In passing the other day, an acquaintance mentioned using green tomatoes to make curry. In truth I don’t recall much else about the conversation, but with a second frost coming this week, I knew it was time to pick the last of the crop. I ended up with about 2 pounds of green tomatoes and a vague vision of what I was going to do with them. Roast them like tomatillos, then cook them like a fresh ripe tomato marinara. And add curry. And the pork I’ve had defrosted for the last few days, but was too busy to cook up. And it will be good. I was right.
Green Tomato Curry
I halved and roasted (at 400 for about 25 minutes) about 2 pounds of unripe green tomatoes. Meanwhile, I turned on the slow cooker on high and toasted 1 – 2 T of curry powder in it with nothing else to start to bring out its flavor, stirring every once in a while. After 15 minutes I added a thinly sliced onion from the farm share. Once the tomatoes were quote soft, I added them to the slow cooker and then just about covered them with 2 cups of chicken broth (leftover from risotto a few days prior). I let it get good and hot – maybe another 5 minutes – and then added some thin boneless pork cutlets (from our meat share). I put the top on and let it cook for 2 – 3 hours.
This was a thinnish sauce, perfect for serving over rice. (I also steamed some carrots and butternut squash to add to the dish – if I was making more of this and cooked it on the stove top, I would have added it right to the sauce.) The pork was so tender – the best result I’ve had yet with this particular cut from our meat share. I definitely think this experiment is worth re-creating and adapting to what one has on hand. I wouldn’t say I could taste the green tomatoes, it was just a perfect, healthy and local vehicle for the curry, pork, squash and carrot.
I haven’t yet given appropriate due to my new, beloved meat share. Chestnut Farms offers a great deal – 10 pounds of meat per month (on a six month committment) for $80. I pick it up at in Arlington (the next town over) and if I get there early enough, I can even buy farm fresh eggs for $4/ dozen. We typically get a mix of chicken (legs, breast on bone), pork (chops on the bone, thinner boneless chops, ground), and beef (all cuts from filet to skirt to ground to burger patties). I’ve been told that once the lambs are big enough we’ll be getting some of their gracious offerings as well.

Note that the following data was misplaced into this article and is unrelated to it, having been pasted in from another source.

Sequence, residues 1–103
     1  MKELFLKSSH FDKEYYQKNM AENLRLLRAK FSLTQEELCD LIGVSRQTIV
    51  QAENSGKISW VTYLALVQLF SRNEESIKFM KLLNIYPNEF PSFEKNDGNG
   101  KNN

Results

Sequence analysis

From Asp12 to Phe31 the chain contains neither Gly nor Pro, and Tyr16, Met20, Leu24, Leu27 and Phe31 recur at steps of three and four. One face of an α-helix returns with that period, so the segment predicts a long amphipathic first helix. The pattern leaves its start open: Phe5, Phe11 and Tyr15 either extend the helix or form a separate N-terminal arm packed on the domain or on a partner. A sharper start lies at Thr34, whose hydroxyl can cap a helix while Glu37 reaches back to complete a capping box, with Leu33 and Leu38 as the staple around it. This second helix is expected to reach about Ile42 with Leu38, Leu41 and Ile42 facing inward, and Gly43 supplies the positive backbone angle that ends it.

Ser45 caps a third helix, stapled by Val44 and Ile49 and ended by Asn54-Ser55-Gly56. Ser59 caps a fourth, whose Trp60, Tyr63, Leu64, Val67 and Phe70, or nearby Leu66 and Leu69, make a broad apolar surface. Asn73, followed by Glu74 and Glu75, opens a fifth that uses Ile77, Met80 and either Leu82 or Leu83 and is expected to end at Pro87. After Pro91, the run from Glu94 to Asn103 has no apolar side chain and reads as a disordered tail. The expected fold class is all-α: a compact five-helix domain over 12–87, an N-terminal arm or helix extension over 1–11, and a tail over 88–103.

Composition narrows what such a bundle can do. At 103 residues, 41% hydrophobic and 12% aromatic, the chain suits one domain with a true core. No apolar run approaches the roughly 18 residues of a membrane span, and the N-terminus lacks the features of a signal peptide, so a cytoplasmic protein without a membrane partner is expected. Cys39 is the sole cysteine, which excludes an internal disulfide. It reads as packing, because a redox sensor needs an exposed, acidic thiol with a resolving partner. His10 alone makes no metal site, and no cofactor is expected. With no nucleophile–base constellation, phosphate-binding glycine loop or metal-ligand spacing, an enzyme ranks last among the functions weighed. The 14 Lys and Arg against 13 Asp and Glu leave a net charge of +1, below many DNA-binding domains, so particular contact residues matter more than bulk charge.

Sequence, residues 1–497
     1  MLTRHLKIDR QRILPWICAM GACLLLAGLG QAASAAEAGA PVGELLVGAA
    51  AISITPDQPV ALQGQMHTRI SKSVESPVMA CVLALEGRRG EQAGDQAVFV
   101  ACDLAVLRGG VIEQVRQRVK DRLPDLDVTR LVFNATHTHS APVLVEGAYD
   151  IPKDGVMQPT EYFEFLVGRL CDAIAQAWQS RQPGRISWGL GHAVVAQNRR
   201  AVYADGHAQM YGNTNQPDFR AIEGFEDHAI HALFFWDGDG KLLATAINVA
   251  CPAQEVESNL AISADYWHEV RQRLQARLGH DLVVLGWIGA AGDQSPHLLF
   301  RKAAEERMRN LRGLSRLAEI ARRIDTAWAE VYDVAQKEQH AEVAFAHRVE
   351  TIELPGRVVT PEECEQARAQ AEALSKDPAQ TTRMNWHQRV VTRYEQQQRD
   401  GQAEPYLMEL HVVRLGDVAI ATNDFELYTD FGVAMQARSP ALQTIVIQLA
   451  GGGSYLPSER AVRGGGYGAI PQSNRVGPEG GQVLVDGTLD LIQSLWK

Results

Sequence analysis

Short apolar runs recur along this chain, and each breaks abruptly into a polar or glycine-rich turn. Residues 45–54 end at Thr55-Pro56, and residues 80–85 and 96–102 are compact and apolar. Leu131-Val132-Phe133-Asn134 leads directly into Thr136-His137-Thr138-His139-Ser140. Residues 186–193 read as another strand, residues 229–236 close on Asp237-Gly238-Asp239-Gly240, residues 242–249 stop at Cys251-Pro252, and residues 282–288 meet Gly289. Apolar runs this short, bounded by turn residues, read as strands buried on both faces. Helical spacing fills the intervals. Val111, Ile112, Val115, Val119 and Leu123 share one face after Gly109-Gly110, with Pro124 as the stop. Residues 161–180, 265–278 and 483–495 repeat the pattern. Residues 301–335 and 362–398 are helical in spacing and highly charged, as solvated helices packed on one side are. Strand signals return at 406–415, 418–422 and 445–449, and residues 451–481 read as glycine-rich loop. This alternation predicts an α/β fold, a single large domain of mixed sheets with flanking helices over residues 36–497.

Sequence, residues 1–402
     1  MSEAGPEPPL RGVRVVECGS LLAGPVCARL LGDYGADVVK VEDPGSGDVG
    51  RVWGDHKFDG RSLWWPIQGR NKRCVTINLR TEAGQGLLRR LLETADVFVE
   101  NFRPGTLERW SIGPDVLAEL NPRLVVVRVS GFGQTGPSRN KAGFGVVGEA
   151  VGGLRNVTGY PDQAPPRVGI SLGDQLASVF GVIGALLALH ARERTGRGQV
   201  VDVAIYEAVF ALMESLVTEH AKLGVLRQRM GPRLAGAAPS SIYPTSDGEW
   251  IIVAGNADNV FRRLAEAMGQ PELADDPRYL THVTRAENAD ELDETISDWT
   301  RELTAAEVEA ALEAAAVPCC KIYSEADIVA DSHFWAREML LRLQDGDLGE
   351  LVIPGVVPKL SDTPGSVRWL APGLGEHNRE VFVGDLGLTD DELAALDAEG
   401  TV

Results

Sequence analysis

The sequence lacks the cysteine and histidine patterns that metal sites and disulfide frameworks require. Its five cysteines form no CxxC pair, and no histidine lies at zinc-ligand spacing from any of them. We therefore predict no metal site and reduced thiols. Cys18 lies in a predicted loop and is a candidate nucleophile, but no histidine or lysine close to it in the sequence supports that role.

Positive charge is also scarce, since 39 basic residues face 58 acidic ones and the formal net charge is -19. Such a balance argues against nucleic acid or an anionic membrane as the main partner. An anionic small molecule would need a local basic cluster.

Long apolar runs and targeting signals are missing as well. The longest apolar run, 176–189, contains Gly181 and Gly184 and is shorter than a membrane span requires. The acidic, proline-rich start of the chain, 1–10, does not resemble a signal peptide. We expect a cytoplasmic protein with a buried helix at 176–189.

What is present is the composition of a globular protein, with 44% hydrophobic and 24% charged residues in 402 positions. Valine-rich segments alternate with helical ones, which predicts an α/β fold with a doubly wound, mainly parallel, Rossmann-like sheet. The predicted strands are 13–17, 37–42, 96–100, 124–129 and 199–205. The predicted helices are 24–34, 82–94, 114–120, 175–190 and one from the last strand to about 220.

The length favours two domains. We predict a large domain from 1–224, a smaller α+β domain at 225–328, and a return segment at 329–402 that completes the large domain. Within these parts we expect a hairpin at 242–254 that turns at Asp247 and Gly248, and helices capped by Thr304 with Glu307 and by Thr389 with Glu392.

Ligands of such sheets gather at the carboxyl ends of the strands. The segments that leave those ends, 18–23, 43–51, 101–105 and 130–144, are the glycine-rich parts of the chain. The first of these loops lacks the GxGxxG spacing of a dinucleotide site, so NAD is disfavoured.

The pork sausage this month was fantastic. I took one link out of its casing and browned it in olive oil, then added chopped garlic, then tossed in a bunch of fresh tomatoes and cooked until it turned into a chunky sauce, seasoned with salt, pepper, and fresh basil and oregano from the garden.
What I love about this meat is that it is so flavorful and so guilt-free. I know where these animals came from (all CSA members are welcome to visit the farm) and I know that they lived a satisfying, clean, and hormone- and antibiotic- free life. I know that I am supporting a family farm. I know that I am paying a fair price for my meal. And because I am savoring my food, and supplementing my mostly local veggies and grains with flavorful meat instead of building my meal around the protein, I eat less but still feel satisfied. The downside is that when I eat meat while dining out, it never quite satiates body or soul. A small price to pay.